Valhalla Rising -- Film Review

Benjamin Walker
Jason Kempin/Getty Images

NEW YORK - OCTOBER 13:  Actor Benjamin Walker attends the "Bloody Bloody Jackson" opening night after party at Brasserie 8 1/2 on October 13, 2010 in New York City.

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TORONTO -- A change of pace for the Danish director of the cult "Pusher" trilogy, "Valhalla Rising" is set in that rich yet cinematically seldom-explored era during which the pagans of Northern Europe were being overrun and replaced by an upstart novelty, Christianity.

IFC bought the film here at Toronto, but one is hard-pressed to imagine who the audience might be for this actually quite mesmerizing film. Its violence is way too intense for the art film crowd, and its glacial pacing and fascination with brooding on nothing will surely alienate those who've come for the blood and guts.

One-Eye (Mads Mikkelsen, star of the first two "Pusher" films) is a half-man, half-beast figure of amazing ferocity who wins money, like a fighting cock or a pit bull, for his pagan overlords. He is very, very good at wreaking mayhem, and loves to split open the skulls of his opponents until the wet matter runs out. One day he turns on his captors and, after wiping them out in ultra-gory ways, takes off for parts unknown with a young boy who been feeding him each day. They eventually come upon a group of crazed Christians who are seeking to join the Crusade in Palestine, some for the love of God, others for the love of the booty that beckons. They wander endlessly in very picturesque locations until virtually everyone is mysteriously killed, one by one. Then the film ends.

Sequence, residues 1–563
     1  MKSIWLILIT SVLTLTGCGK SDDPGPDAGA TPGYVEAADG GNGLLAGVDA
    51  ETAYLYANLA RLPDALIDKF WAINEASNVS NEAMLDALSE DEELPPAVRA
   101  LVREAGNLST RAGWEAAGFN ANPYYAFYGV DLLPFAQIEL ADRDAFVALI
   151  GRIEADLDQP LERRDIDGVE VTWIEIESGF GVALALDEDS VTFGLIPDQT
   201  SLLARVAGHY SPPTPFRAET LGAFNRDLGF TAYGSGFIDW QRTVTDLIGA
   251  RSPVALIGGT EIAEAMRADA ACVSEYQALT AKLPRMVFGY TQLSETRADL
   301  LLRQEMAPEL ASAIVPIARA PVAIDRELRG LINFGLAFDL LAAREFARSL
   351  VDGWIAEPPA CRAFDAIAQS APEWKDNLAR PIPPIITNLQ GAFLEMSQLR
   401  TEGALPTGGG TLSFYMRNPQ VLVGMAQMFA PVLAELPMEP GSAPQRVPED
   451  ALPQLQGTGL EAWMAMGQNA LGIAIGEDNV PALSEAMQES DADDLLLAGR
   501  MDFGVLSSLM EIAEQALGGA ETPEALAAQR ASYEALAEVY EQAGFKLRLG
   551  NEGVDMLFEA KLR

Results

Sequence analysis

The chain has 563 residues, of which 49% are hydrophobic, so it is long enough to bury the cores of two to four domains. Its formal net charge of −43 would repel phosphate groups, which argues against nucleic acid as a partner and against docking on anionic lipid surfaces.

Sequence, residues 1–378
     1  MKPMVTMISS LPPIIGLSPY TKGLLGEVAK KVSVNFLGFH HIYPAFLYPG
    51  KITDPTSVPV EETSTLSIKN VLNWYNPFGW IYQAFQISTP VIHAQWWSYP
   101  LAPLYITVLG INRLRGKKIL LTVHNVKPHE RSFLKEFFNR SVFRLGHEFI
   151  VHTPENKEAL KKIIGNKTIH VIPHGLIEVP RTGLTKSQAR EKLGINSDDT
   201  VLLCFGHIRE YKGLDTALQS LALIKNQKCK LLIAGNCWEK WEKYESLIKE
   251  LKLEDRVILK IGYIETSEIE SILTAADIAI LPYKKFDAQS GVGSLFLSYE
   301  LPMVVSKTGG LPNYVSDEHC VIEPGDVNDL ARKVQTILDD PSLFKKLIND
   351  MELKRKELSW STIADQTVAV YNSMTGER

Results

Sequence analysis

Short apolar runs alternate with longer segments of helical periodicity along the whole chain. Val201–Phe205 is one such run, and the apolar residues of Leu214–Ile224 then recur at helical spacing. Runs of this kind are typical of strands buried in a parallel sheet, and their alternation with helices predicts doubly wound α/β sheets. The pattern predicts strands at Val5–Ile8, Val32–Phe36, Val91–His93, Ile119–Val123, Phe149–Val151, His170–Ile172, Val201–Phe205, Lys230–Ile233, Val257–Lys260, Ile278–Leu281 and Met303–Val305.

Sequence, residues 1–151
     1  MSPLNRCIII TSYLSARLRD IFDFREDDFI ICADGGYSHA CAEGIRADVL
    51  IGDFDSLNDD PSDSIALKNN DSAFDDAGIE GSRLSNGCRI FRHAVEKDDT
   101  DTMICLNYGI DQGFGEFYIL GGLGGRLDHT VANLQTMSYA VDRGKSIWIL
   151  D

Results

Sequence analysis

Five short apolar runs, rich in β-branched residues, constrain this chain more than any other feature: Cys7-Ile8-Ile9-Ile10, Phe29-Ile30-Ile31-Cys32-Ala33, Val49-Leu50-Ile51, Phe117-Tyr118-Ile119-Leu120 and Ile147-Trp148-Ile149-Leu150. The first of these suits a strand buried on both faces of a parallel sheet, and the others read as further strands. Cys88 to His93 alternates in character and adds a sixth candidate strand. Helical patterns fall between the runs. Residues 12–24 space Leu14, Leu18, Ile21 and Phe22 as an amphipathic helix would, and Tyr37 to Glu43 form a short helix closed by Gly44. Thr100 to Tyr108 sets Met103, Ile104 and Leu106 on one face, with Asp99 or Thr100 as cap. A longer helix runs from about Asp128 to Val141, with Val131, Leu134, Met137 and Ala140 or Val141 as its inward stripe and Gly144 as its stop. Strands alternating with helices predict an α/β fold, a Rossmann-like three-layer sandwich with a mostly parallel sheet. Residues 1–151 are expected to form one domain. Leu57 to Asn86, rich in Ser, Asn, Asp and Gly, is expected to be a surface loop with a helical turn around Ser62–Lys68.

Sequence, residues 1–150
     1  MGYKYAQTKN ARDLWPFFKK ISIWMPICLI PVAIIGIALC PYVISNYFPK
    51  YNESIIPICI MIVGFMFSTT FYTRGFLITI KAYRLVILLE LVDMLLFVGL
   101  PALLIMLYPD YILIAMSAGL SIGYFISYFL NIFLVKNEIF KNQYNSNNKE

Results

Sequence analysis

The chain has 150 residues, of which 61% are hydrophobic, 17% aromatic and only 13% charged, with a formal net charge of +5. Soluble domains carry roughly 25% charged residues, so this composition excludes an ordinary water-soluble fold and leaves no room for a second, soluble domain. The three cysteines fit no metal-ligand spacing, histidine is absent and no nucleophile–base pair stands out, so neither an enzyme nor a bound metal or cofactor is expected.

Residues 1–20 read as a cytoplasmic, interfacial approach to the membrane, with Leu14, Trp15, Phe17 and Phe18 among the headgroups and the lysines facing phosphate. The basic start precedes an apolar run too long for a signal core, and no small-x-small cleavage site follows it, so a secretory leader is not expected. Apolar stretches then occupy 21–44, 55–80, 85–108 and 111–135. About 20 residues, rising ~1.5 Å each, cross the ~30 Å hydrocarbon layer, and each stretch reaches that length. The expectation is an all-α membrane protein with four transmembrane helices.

One-Eye does not say a single word in the film, and the other characters aren't exactly loquacious either. There is a great deal of intense close-ups as characters stare off meaningfully into the distance while the camera spins around them. But we never find out what they are thinking about. Gestures are deliberate and stylized, as though from a Japanese Noh play. The gorgeous primitive scenery seems straight out of a Terrence Malick movie, and the powerful, brooding music is even better, perhaps the best thing in it. But the film lacks even a hint of a plot and, aside from an occasional very swift murder perpetrated by unknowns, virtually nothing happens.